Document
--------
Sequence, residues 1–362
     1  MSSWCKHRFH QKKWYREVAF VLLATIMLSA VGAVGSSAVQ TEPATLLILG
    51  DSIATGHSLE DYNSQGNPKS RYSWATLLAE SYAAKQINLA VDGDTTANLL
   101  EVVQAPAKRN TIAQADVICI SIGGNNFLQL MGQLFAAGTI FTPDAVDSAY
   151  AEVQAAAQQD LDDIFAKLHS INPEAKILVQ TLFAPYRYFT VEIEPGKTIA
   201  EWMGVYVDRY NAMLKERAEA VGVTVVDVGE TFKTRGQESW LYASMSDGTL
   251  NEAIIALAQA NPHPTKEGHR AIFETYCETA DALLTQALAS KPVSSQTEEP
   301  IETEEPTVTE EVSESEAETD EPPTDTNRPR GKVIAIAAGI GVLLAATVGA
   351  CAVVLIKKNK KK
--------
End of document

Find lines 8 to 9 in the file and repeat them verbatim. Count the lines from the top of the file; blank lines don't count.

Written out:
   301  IETEEPTVTE EVSESEAETD EPPTDTNRPR GKVIAIAAGI GVLLAATVGA
   351  CAVVLIKKNK KK